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PHC TAKES A LOOK AT THE STORIES THAT HAVE MADE THE HEADLINES OVER THE LAST TWO DECADES. THIS MONTH IN 1996.

PONY EXPRESS LAUNCH DESPATCH RIDER TRAINING SCHOOL – Pony Express announced the start of a two week training course at Vauxhall for novice couriers who, if successful, would qualify for a ten week placement with the company.

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Pony Express courier school

The move came after the company had difficulty in recruiting its own despatch riders. Course leader Bob Barber, former courier at Greater London Hire, said: “Trainees need a full licence to get on the course, plus the right attitude. We supply everything else, including insurance, protective clothing and P-reg CB250s.”

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Ladywell Cars

YOU’RE NOT A TAXI  South London cab firm Ladywell Cars bowed to pressure from local black cab drivers after they asked the company to remove the word ‘taxi’ from a front window advert display.

The previous owner of the Catford minicab firm had painted a sign outside the office with a picture of a car, with the word ‘taxi’ next to it.

Ladywell Cars boss Billy Sevier said:

I am truly amazed that anyone could be this petty, everyone knows this is a minicab office. The sign didn’t mean we were trying to nick the work of black cab drivers. It was just the way it was painted.

MINICAB LICENSING PUT ON HOLD  The London private hire trade came under the media spotlight after the Government decided not to go forward with a cab trade licence bill before the General Election in 1997.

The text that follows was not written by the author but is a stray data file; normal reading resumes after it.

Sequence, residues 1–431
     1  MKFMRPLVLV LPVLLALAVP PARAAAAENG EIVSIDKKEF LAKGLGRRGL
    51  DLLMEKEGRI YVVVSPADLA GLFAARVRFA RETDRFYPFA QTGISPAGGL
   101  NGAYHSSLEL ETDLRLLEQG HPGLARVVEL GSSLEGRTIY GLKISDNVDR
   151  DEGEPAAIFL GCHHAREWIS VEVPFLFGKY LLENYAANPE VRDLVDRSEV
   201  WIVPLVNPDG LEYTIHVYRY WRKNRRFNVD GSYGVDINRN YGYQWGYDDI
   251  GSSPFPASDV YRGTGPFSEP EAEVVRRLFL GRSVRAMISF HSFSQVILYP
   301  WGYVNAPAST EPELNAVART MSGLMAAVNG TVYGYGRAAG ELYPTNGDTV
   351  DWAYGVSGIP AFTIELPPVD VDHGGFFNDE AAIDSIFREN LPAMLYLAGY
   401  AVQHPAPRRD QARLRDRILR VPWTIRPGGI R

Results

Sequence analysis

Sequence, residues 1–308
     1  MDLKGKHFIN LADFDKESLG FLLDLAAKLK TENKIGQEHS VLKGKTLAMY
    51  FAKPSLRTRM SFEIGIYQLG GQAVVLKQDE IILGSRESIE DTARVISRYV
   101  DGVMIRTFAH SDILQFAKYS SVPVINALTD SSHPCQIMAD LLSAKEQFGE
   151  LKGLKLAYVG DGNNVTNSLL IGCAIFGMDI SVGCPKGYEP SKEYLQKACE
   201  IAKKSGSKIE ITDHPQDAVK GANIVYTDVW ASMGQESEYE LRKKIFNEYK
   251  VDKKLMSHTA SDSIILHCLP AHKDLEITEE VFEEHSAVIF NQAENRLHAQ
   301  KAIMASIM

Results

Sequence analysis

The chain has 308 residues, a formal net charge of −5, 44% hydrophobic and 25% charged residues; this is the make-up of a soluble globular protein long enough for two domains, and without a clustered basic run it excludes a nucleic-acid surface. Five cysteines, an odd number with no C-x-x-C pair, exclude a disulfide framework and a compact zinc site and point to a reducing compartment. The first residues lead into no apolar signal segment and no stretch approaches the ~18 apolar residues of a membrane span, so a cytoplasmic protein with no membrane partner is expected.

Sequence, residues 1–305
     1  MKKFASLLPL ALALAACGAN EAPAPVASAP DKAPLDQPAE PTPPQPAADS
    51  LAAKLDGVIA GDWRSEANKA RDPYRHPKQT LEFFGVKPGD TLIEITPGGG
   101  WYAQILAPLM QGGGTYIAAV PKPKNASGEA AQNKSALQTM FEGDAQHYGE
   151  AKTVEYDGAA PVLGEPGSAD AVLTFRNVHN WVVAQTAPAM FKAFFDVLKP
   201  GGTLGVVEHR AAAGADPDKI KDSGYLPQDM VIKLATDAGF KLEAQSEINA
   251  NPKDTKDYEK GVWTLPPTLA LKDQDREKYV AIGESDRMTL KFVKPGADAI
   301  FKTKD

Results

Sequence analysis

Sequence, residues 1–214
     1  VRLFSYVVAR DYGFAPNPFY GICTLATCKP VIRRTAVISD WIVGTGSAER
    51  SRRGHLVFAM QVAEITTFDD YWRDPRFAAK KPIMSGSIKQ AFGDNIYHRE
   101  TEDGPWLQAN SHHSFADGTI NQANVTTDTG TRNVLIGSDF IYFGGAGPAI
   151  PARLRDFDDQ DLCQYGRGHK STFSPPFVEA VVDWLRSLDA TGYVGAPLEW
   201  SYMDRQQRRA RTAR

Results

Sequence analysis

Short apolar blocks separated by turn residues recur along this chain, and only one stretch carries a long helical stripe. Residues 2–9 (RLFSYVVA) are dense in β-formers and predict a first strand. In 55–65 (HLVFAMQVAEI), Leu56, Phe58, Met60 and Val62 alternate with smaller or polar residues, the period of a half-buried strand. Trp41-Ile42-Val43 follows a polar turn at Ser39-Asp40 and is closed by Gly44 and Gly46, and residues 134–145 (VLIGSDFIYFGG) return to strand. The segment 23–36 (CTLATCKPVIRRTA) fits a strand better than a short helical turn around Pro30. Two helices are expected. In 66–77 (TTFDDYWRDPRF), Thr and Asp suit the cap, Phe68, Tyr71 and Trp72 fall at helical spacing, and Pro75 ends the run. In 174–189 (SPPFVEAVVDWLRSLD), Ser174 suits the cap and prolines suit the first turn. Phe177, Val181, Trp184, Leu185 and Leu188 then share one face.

Campaigners for a minicab licence law hit out at the announcement, including Steve Wright (below), chairman of the London Private Hire Car Association, who said: “I am devastated”.

Others who criticised the decision by the Government included Labour MP for Hampstead Glenda Jackson, who condemned ministers for not taking a legislative Bill forward.

And Diana Lamplugh, who campaigned for better safety awareness after her daughter went missing, said: “I am extremely disappointed.

“Lots of people use minicabs every day, so why  on earth shouldn’t these passengers know if their drivers have been checked?”

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Steve Wright

Bob Oddy, speaking  for the black cab LTDA said: “This was just a licence to dupe the public.”

‘PLEASE DON’T KILL ME!’  Billy Smith described how he thought he was going to die after he picked up a half-drunk passenger with shotgun, who told him in no uncertain terms to: “DRIVE AND KEEP OFF THE RADIO!”

Billy did as was told but then: “At a set of traffic lights, he turns to eye a police car, which allows me to key in the microphone, so my controller can hear what’s happening.

“Then my passenger give me the low-down. He’d had a fight in a pub some nights earlier and the other guy had finished the ruck by hitting him with a pool cue and putting him in hospital. And now my man is on his way to find the guy and: “SHOOT HIS ***** OFF!”